You can check by inspecting the rows of the table that p ∧ r is not a valid consequence

and p ∨ r is.

21

##
Which of the following pairs are logically equivalent? Confirm your answer using

truth tables:

(1) ϕ → ψ and ψ → ϕ

(2) ϕ → ψ and ¬ψ → ¬ϕ

(3) ¬(ϕ → ψ) and ϕ ∨ ¬ψ

(4) ¬(ϕ → ψ) and ϕ ∧ ¬ψ

(5) ¬(ϕ ↔ ψ) and ¬ϕ ↔ ¬ψ

(6) ¬(ϕ ↔ ψ) and ¬ϕ ↔ ψ

(7) (ϕ ∧ ψ) ↔ (ϕ ∨ ψ) and ϕ ↔ ψ

###
By comparing the first and the second tables below you can determine that the equivalence does not hold for item (3)

while by comparing the first and the third tables below you can determine that the equivalence does hold for item (4).

The other items are similar.

¬ (p → q)

0 0 1 0

0 0 1 1

1 1 0 0

0 1 1 1

p ∨ ¬ q

0 1 1 0

0 0 0 1

1 1 1 0

1 1 0 1

p ∧ ¬ q

0 0 1 0

0 0 0 1

1 1 1 0

1 0 0 1

22

##
Check if the following is a valid consequence:

¬(q ∧ r), q |= ¬r

###
¬(q ∧ r)

=⇒

q

q r

_ _

q r q r

_ _

q r q r

_ _ _ _ _

q r q r q r

23

##
Check if the following is a valid consequence:

¬p ∨ ¬q ∨ r, q ∨ r, p |= r

###
¬p ∨ ¬q ∨ r

q ∨ r

p

p q r

_

p q r p q r

_ _

p q r p q r

_ _ _ _

p q r p q r p q r

_ _ _

p q r p q r p q r

_ _ _ _ _

p q r p q r p q r

_ _ _ _ _ _

p q r p q r p q r p q r

_ _ _ _ _ _ _ _ _

p q r p q r p q r p q r

24

##
Give truth tables for the following formula:

(p ∨ q) ∨ ¬(p ∨ (q ∧ r))

###
(p ∨ q) ∨ ¬ (p ∨ (q ∧ r))

0 0 0 1 1 0 0 0 0 0 1

0 0 0 1 1 0 0 0 0 1 1

0 1 1 1 1 0 0 1 0 0 1

0 1 1 1 0 0 1 1 1 1 1

1 1 0 1 0 1 1 0 0 0 1

1 1 0 1 0 1 1 0 0 1 1

1 1 1 1 0 1 1 1 0 0 1

1 1 1 1 0 1 1 1 1 1 1

25

##
Give truth tables for the following formula:

¬((¬p ∨ ¬(q ∧ r)) ∨ (p ∧ r))

###

¬ ((¬ p ∨ ¬ (q ∧ r)) ∨ (p ∧ r))

0 1 0 1 1 0 0 0 1 0 0 0 0

0 1 0 1 1 0 0 1 1 0 0 1 0

0 1 0 1 1 1 0 0 1 0 0 0 0

0 1 0 1 0 1 1 1 1 0 0 1 0

0 0 1 1 1 0 0 0 1 1 0 0 0

0 0 1 1 1 0 0 1 1 1 1 1 0

0 0 1 1 1 1 0 0 1 1 0 0 0

0 0 1 0 0 1 1 1 1 1 1 1 0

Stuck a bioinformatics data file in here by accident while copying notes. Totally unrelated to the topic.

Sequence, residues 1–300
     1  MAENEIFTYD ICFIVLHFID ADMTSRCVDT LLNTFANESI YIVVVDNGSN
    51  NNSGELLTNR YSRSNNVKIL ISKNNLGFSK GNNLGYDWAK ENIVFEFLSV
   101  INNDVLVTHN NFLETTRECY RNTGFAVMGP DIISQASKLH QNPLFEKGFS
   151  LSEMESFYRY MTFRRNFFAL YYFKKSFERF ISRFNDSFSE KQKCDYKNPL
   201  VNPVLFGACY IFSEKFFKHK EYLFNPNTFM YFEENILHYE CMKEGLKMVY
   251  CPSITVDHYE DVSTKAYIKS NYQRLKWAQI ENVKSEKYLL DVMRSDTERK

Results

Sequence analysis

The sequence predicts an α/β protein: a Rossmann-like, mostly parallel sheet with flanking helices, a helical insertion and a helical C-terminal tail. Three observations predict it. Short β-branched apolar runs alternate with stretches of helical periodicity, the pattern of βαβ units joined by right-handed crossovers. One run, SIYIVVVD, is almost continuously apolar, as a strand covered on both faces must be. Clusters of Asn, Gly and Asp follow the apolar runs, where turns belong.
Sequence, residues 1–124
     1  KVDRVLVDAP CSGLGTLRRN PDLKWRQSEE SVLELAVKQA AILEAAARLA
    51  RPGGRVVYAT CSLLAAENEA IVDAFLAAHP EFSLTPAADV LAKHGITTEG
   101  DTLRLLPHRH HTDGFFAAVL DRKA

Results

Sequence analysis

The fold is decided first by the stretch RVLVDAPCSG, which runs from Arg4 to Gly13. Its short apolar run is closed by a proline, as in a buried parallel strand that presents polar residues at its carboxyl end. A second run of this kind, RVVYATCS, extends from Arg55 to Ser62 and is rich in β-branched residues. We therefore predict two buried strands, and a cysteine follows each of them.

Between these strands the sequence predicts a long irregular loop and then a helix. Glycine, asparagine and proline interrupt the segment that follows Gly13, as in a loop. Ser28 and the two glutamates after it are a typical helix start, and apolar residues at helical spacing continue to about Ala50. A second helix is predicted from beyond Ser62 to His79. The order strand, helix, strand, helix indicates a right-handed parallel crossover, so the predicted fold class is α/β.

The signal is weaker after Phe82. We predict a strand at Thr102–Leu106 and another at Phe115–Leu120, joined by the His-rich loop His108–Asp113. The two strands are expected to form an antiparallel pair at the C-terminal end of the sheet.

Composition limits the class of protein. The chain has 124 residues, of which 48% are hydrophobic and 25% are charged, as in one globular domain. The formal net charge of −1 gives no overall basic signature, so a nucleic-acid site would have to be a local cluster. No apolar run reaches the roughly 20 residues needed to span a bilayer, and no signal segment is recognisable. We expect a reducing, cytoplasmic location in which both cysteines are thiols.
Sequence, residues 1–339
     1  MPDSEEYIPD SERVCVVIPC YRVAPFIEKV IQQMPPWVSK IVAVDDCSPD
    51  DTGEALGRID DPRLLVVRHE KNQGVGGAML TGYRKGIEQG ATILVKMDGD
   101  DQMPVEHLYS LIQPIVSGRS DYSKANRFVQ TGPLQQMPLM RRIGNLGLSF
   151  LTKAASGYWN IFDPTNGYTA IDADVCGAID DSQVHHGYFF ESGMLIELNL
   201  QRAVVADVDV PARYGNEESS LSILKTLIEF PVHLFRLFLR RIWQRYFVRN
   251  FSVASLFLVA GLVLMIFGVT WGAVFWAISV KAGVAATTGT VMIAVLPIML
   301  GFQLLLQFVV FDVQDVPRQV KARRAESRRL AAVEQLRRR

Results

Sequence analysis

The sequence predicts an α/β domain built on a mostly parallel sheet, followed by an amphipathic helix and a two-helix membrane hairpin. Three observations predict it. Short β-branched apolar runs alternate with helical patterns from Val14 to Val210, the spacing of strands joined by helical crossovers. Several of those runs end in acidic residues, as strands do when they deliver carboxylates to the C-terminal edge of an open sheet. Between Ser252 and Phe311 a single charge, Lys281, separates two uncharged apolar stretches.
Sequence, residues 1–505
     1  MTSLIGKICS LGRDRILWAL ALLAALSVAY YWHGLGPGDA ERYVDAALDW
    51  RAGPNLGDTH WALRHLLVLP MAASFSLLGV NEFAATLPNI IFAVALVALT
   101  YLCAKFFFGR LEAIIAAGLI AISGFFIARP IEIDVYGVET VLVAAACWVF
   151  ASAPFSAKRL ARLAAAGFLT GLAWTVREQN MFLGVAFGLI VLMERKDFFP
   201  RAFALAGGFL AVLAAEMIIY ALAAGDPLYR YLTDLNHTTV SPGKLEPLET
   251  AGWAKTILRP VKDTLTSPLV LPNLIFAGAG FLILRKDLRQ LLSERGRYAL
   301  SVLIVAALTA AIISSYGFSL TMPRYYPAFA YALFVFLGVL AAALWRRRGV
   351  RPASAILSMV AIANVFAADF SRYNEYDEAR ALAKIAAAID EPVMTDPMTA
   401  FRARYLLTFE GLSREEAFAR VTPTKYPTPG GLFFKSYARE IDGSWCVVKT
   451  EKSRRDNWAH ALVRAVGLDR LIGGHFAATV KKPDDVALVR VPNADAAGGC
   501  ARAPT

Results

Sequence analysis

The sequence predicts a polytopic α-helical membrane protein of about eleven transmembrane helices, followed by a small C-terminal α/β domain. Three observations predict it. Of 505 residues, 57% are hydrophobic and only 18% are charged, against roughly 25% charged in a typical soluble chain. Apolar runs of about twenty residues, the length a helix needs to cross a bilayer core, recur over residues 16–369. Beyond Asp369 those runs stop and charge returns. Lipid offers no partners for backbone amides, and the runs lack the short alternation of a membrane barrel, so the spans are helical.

26

##
Give truth tables for the following formula:

(p → (q → r)) → ((p → q) → (p → r))

###

(p → (q → r)) → ((p → q) → (p → r))

0 1 0 1 0 1 0 1 0 1 0 1 0 1

0 1 0 1 1 1 0 1 0 1 0 1 1 1

0 1 1 0 0 1 0 1 1 1 0 1 0 1

0 1 1 1 1 1 0 1 1 1 0 1 1 1

1 1 0 1 0 1 1 0 0 1 1 0 0 1

1 1 0 1 1 1 1 0 0 1 1 1 1 1

1 0 1 0 0 1 1 1 1 0 1 0 0 1

1 1 1 1 1 1 1 1 1 1 1 1 1 1

27

##
Give truth tables for the following formula:

(p ↔ (q → r)) ↔ ((p ↔ q) → r)

###
(p ↔ (q → r)) ↔ ((p ↔ q) → r)

0 0 0 1 0 1 0 1 0 0 0 1

0 0 0 1 1 0 0 1 0 1 1 0

0 1 1 0 0 1 0 0 1 1 0 1

0 0 1 1 1 0 0 0 1 1 1 0

1 1 0 1 0 1 1 0 0 1 0 1

1 1 0 1 1 1 1 0 0 1 1 1

1 0 1 0 0 1 1 1 1 0 0 1

1 1 1 1 1 1 1 1 1 1 1 1

28

##
Give truth tables for the following formula:

((p ↔ q) ∧ (¬q → r)) ↔ (¬(p ↔ r) → q)

###
((p ↔ q) ∧ (¬ q → r)) ↔ (¬ (p ↔ r) → q)

0 1 0 0 1 0 0 0 0 0 0 1 0 1 0 0

0 1 0 1 1 0 1 1 0 1 0 0 1 0 0 0

0 0 1 0 0 1 1 0 0 0 0 1 0 1 1 0

0 0 1 0 0 1 1 1 0 1 0 0 1 1 1 0

1 0 0 0 1 0 0 0 1 1 1 0 0 0 0 1

1 0 0 0 1 0 1 1 0 0 1 1 1 1 0 0

1 1 1 1 0 1 1 0 1 1 1 0 0 1 1 1

1 1 1 1 0 1 1 1 1 0 1 1 1 1 1 1

29

## Define all connectives in terms of ¬ and ∧.

###
ϕ ∨ ψ ≡ ¬(¬ϕ ∧ ¬ψ)

ϕ → ψ ≡ ¬ϕ ∨ ψ

ϕ ↔ ψ ≡ (ϕ → ψ) ∧ (ψ → ϕ)

ϕ ⊕ ψ ≡ ¬(ϕ ↔ ψ)

ϕ | ψ ≡ ¬(ϕ ∧ ψ)

30

## Define all connectives in terms of ¬ and →

###
ϕ ∧ ψ ≡ ϕ → ¬ψ

ϕ ∨ ψ ≡ ¬(¬ϕ ∧ ¬ψ)

ϕ ↔ ψ ≡ (ϕ → ψ) ∧ (ψ → ϕ)

ϕ ⊕ ψ ≡ ¬(ϕ ↔ ψ)

ϕ | ψ ≡ ¬(ϕ ∧ ψ)

31

##
Prove that all propositional connectives are definable with the ‘Sheffer stroke’

ϕ | ψ,

defined by ¬ϕ ∨ ¬ψ

###

p q s1: ¬P = P|P s2: P∧Q = p | q s3: (?) q | q s4: True = p | s1 s5: (?) p | s2 s6: p→q q | s1 s7: p^q = s1 | s3 s2 | s4 s2 | s7

1 1 0 0 0 1 1 1 1 1 1

1 0 0 1 1 1 0 1 1 0 0

0 1 1 1 0 1 1 0 1 0 0

0 0 1 1 1 1 1 1 0 0 1

32

##
Give an example of a formula φ and a Kripke model M, with the following properties:

(i) M |= φ, and (ii) M | φ 6|= φ. In other words, public announcement of φ has the

effect that φ becomes false.

###
The simplest example is a model where p is true but agent a does not know

that. Then publicly announcing ‘p is true, but you don’t know it’ will result in a

situation where what gets announced is falsified by the announcement itself. The

formula for this is p ∧ ¬Kap.

33

## Prove that lfp (λS.S ∪ (Sˇ ◦ S)) R is the euclidean closure of R.

###
similar to the reasoning in the previous exercise. Let f = λS.S ∪ (Sˇ ◦ S),

and let E = lfp f R.

Then f is monotone, i.e., for all arguments X, X ⊆ f(X). In particular, R ⊆

f(R) ⊆ . . . ⊆ E. This shows that R ⊆ E.

We show that E is euclidean. Since E is a fixpoint, E = f(E), i.e., E = E∪(Eˇ◦E).

In other words, Eˇ◦E ⊆ E. It follows from this that E is euclidean by an argument

given in the course slides.

Finally, we show that E is the smallest euclidean relation that includes R. Let S be

an arbitrary euclidean relation with R ⊆ S. From euclideanness of S it follows that

Sˇ ◦ S ⊆ S. Therefore, S = f(S), i.e., S is a fixpoint. Since E is the least fixpoint